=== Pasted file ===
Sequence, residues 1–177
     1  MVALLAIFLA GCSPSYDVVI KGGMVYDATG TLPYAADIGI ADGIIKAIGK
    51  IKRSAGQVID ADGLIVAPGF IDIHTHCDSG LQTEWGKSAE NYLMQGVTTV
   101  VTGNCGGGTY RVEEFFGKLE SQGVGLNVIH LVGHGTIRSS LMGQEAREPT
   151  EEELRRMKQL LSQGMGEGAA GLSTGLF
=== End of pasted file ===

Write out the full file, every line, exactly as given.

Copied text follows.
Sequence, residues 1–177
     1  MVALLAIFLA GCSPSYDVVI KGGMVYDATG TLPYAADIGI ADGIIKAIGK
    51  IKRSAGQVID ADGLIVAPGF IDIHTHCDSG LQTEWGKSAE NYLMQGVTTV
   101  VTGNCGGGTY RVEEFFGKLE SQGVGLNVIH LVGHGTIRSS LMGQEAREPT
   151  EEELRRMKQL LSQGMGEGAA GLSTGLF